The Detroit Amateur Baseball Federation (DABF), started in 1915 and active into the 1970s, was a well-organized sandlot program. Split across age groups and classifications, games were played on diamonds spread around the city. Detroit Tigers legend Willie Horton was just one of the sandlot legends to emerge from the DABF, with stories of his performances carving space in Detroit newspapers.
For many others, baseball sponsored by local American Legion posts served as their introduction to organized ball. First proposed at a Legion convention in 1925 in South Dakota, and introduced a year later, Legion baseball had expanded across the nation by 1929.
Little League baseball, famously first organized in 1939 in Williamsport, Pa., targeted boys under 12. By 1950, it had spread to 37 states.
The Babe Ruth League – originally organized as the “Little Bigger League” in 1951 in Hamilton Township, near Trenton, N.J., was for boys ages 13-15.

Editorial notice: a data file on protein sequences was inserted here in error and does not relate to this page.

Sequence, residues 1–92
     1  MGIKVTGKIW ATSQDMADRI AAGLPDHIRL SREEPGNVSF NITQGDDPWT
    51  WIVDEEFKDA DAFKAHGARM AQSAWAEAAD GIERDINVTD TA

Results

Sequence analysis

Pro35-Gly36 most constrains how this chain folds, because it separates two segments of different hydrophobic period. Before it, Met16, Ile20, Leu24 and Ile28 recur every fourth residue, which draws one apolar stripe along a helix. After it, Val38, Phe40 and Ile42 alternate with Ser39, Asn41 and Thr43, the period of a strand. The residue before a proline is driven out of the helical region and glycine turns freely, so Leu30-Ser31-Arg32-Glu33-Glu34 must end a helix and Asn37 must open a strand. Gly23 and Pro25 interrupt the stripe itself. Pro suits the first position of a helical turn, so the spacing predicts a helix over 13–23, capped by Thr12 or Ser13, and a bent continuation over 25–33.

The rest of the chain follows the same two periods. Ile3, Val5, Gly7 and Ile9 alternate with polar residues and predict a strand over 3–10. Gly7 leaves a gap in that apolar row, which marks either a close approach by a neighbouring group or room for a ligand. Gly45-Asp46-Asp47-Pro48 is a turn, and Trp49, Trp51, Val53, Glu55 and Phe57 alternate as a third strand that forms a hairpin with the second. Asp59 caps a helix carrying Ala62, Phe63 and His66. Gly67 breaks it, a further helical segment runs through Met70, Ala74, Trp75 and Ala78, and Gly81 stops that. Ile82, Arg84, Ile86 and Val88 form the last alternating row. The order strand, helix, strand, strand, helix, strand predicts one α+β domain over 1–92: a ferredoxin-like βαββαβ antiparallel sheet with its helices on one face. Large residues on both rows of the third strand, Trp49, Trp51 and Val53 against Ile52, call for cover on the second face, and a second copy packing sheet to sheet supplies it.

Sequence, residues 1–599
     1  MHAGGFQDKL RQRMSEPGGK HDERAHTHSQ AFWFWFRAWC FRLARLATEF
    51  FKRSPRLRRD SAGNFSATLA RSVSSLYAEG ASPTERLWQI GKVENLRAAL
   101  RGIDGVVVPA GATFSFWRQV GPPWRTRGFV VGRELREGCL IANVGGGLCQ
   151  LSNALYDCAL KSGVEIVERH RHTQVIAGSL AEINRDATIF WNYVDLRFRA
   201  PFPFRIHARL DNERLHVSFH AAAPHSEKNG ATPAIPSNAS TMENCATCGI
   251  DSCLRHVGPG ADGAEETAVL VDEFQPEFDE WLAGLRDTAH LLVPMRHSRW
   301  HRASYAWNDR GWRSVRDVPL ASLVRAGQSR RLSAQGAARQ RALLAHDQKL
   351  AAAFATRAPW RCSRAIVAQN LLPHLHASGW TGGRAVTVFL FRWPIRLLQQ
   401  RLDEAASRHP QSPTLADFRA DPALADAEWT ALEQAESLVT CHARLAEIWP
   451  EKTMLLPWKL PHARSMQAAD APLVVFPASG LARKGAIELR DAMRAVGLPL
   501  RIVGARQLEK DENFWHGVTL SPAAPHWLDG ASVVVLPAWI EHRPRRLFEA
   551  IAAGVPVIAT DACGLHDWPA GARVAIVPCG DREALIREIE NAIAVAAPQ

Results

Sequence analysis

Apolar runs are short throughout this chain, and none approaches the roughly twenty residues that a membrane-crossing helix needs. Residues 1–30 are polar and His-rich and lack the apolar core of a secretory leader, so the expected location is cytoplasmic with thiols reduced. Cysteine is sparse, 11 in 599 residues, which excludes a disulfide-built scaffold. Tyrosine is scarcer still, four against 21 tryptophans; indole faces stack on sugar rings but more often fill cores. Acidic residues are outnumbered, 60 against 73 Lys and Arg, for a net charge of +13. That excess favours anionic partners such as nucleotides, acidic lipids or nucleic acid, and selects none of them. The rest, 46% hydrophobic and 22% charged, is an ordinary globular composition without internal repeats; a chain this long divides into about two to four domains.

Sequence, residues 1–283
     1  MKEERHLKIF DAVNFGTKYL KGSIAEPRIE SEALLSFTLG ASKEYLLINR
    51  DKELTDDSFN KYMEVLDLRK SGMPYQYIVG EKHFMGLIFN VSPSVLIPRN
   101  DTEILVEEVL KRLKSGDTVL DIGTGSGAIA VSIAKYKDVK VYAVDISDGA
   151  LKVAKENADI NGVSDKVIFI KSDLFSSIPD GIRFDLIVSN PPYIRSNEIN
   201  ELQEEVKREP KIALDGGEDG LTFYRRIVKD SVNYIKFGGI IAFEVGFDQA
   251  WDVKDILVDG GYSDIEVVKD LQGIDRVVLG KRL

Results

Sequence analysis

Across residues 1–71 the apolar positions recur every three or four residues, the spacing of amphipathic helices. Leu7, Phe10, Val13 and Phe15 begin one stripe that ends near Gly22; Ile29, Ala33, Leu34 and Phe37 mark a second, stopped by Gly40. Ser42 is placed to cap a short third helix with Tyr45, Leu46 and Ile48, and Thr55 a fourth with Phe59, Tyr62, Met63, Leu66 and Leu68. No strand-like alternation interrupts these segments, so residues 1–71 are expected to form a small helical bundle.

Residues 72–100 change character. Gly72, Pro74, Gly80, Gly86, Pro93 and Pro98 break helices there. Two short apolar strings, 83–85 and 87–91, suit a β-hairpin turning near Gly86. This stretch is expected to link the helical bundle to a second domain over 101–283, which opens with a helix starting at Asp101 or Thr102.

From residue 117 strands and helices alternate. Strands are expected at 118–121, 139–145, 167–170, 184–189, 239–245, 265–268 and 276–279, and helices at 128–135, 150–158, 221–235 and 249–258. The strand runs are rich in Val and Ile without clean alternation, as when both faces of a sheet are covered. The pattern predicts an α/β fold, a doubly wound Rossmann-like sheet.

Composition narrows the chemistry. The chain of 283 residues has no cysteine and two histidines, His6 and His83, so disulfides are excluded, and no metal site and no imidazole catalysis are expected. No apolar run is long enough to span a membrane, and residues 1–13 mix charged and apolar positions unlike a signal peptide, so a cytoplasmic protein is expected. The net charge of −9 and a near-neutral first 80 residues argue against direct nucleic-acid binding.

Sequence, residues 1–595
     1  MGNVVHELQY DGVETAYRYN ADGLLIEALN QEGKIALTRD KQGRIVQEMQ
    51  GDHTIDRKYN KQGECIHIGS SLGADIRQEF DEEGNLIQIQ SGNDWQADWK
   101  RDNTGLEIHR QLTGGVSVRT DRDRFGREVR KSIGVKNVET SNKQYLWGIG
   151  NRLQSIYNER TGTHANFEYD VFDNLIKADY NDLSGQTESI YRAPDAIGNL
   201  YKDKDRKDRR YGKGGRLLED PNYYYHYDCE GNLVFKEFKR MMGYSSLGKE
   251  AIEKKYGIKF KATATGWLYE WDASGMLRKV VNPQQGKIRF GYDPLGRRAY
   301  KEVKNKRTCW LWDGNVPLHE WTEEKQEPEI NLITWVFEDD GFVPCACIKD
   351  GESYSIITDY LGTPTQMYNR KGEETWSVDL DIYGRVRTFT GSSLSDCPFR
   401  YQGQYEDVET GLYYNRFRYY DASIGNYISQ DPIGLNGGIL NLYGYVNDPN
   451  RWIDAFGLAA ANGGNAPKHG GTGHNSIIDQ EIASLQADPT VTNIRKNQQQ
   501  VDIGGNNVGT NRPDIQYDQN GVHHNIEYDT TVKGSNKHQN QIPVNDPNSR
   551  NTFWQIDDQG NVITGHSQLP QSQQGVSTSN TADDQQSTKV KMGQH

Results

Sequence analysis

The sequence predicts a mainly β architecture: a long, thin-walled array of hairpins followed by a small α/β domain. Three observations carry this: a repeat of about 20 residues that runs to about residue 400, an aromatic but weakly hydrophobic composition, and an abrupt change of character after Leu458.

NABF (Started 1914)
The DABF was a member of the National Baseball Federation, established in Louisville, Ky., in 1914. Later renamed the National Amateur Baseball Federation, the organization required membership by league instead of team, governed sandlot baseball in a dozen cities across the United States, and sponsored tournaments designed to name national champions. In 1922, the NABF barred member teams from paying players to play.
From 1914 through 1943, a single NABF national champion was named, and winning the tournament was a source of great civic pride during the heydays of the game. In 1944, the tournament was split into two, with a “Major Division” designated for players of any age, and a “Senior Division” for players 18 and younger. In 1962, a Junior Division was added for those 16 and younger.
From 1960 through 1973, the Detroit Metro area won nine of 14 Senior championships, while Michigan teams won nine of the 11 Junior titles between the inception of the division through the 1972 tournament. The NABF is still in operation today, and since 2014 Battle Creek has hosted the Major Division World Series at the city’s John W. Bailey Park.